This brings me to the second aspect of my issue with shallowness. Practice. I have no problem with statues of Buddhas and Bodhisattvas, bells, drums, or meditation cushions/benches. But as I said earlier, they aren't necessary. If they help, great. But as others have tried to say over and over and over, practice doesn't require you to "be" Buddhist. Practice isn't limited to when you sit and focus on the tan-t'ien, your breath, or a koan. Nor to when you are chanting, or doing prostrations, or consciously practicing Buddha-remembrance or mindfulness. Awareness isn't a means to an end, to give us clarity of mind or renewed energy to face the day or the capacity for patience and empathy. These are the manifestations of Bodhi, which is beyond conditions and circumstances. These qualities do benefit ourselves and all sentient beings, but they/it is not something that somehow is only present or accessible in a temple, or in the quiet of a retreat in the woods, or when reading some poem about non-duality. Nor is it only accessible to people who have spend so many years in intensive "Buddhist" practice. If you come to deeply reflect on aspects of phenomena such as impermanence and dependent co-arising, the core of shunyata (emptiness, or the dynamic potential of existence), as well as cultivating virtues akin to those espoused in the Eightfold Path, the Bodhisttva Vows, and/or the Paramitas, you may indeed awaken to Bodhi without ever going on a retreat or even hearing of the word "Buddha".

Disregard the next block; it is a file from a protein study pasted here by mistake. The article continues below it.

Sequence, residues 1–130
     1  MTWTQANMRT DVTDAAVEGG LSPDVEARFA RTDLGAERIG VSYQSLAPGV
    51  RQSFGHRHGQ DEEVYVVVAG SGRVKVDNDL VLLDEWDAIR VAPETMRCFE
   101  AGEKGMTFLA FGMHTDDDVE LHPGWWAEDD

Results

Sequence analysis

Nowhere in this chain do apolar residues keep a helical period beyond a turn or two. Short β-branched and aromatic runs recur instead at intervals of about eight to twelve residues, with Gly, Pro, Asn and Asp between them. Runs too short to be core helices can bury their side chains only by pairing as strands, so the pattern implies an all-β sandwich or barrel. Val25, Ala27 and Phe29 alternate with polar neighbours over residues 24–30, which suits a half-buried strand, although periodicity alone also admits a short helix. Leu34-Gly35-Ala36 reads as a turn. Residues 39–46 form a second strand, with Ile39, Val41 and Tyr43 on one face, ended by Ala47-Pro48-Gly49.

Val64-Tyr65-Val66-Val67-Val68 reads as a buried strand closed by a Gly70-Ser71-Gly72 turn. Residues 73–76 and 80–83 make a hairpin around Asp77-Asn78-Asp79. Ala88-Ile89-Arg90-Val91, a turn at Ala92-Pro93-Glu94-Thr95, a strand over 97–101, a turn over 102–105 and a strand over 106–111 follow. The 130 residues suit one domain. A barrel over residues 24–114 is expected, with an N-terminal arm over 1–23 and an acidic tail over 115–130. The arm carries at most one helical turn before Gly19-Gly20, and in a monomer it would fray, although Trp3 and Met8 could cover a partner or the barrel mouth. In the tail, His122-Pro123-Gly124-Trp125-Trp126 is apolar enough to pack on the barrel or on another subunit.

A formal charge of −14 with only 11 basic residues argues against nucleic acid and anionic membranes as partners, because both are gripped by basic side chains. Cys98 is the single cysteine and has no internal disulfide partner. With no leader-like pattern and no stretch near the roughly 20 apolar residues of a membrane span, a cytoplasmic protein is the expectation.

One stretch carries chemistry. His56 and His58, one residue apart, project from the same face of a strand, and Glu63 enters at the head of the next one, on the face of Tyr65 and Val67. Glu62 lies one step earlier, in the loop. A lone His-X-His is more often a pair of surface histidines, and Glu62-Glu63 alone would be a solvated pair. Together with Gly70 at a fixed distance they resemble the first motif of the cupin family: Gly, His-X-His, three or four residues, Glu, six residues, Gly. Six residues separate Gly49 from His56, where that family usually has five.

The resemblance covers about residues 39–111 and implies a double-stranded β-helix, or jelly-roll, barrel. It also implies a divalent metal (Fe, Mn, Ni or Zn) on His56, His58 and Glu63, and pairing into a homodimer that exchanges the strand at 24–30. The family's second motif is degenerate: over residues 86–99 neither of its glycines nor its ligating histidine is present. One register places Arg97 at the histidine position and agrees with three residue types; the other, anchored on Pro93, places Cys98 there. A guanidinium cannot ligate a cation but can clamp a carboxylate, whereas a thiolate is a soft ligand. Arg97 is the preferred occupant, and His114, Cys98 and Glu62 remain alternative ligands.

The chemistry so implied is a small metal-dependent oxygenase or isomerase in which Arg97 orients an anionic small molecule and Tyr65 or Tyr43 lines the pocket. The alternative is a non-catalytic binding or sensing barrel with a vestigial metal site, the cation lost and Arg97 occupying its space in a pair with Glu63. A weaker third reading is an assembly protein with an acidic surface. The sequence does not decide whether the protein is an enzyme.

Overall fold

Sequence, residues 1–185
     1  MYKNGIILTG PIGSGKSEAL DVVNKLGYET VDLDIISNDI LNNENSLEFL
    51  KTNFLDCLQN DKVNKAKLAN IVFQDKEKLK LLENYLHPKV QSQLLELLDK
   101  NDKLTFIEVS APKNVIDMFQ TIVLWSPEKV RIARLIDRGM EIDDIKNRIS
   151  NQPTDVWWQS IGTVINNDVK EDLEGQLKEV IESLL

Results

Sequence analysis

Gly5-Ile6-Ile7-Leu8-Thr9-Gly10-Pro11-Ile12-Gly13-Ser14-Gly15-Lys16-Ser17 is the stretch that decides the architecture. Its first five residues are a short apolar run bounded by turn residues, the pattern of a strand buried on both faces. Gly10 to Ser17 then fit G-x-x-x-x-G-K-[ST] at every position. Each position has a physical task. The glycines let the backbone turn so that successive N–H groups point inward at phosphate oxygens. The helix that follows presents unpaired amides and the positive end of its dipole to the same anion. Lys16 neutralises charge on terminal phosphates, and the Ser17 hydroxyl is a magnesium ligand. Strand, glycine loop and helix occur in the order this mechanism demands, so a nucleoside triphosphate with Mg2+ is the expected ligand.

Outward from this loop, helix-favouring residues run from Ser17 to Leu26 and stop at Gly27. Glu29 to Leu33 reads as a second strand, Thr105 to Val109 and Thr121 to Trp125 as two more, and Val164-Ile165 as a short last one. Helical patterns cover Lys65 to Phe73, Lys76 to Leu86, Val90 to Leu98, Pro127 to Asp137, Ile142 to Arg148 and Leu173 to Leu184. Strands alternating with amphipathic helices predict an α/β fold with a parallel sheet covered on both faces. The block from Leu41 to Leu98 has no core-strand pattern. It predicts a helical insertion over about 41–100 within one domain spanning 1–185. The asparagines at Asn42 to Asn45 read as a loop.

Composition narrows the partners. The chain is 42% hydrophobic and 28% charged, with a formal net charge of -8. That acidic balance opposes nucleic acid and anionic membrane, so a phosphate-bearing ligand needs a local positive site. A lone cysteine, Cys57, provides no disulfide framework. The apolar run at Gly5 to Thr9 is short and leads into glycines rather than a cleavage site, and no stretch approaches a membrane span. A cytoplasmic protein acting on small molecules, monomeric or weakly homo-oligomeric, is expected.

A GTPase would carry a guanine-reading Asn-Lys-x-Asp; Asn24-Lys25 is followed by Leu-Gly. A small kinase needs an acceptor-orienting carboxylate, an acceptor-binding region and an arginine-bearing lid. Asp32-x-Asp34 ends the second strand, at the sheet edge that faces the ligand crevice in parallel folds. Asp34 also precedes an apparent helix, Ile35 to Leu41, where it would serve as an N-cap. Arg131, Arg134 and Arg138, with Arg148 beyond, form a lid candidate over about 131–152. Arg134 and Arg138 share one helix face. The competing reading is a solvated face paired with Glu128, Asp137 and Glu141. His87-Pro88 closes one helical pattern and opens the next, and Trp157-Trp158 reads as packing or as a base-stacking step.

One of the dangers of shallowness in regarding/discussing the teachings and practices of Buddhism, then, is to distract from the underlying goal and the fundamental insights that connect not just the various traditions and schools of Buddhism but the Buddhas and Enlightened Beings from all spiritual paths. Basically, this is to take wherever you are in your spiritual development and trumpet it as what Buddhism or spirituality is all about, which could deflate or discourage deeper inquiry. And, looking back at my concerns over "Being An Expert" and "Being Buddhist", it becomes clear, to me at least, that these are also connected to this same underlying worry over misleading people or giving them the wrong idea-of speaking out of turn or setting myself up as a judge of what is or isn't a proper explanation or understanding of the Dharma.

So then these are some issues that have dogged my writings here. I am laying them out here so that I can proceed to get more into aspects of various topics I may have shied away from before by having an explicit recognition of the tendencies discussing these aspects may give rise to as well as their dangers. I don't suppose that my readers are simply sheep who would accept whatever I write here in the first place, but there is something about outlining the pitfalls of an endeavor that seem to make them less worrisome. I hope that the resulting change in tone and emphasis is not mistaken for arrogance or presumptuousness. Or what I have referred to in the past as coming across as being "Bodhier than thou." I also hope that you are patient with my as I make some of these changes.

And of course, thanks for reading.

1 comment:

  1. Keep it simple. Otherwise people don't want to read it. This text was too much blaa blaa blaa. You should really shorten it.